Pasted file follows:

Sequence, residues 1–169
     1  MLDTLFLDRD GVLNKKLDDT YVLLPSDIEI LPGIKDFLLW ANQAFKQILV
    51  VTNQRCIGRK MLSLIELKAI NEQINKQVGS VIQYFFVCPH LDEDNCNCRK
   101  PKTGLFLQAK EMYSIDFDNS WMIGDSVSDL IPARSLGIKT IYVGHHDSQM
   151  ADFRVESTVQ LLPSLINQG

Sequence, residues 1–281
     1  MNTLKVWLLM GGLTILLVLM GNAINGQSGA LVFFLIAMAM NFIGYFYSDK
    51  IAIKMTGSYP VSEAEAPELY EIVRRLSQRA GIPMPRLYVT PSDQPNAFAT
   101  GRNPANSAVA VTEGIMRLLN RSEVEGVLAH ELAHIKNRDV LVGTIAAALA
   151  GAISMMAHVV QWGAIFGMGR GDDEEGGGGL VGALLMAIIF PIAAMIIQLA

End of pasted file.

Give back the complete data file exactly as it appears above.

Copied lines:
Sequence, residues 1–169
     1  MLDTLFLDRD GVLNKKLDDT YVLLPSDIEI LPGIKDFLLW ANQAFKQILV
    51  VTNQRCIGRK MLSLIELKAI NEQINKQVGS VIQYFFVCPH LDEDNCNCRK
   101  PKTGLFLQAK EMYSIDFDNS WMIGDSVSDL IPARSLGIKT IYVGHHDSQM
   151  ADFRVESTVQ LLPSLINQG

Sequence, residues 1–281
     1  MNTLKVWLLM GGLTILLVLM GNAINGQSGA LVFFLIAMAM NFIGYFYSDK
    51  IAIKMTGSYP VSEAEAPELY EIVRRLSQRA GIPMPRLYVT PSDQPNAFAT
   101  GRNPANSAVA VTEGIMRLLN RSEVEGVLAH ELAHIKNRDV LVGTIAAALA
   151  GAISMMAHVV QWGAIFGMGR GDDEEGGGGL VGALLMAIIF PIAAMIIQLA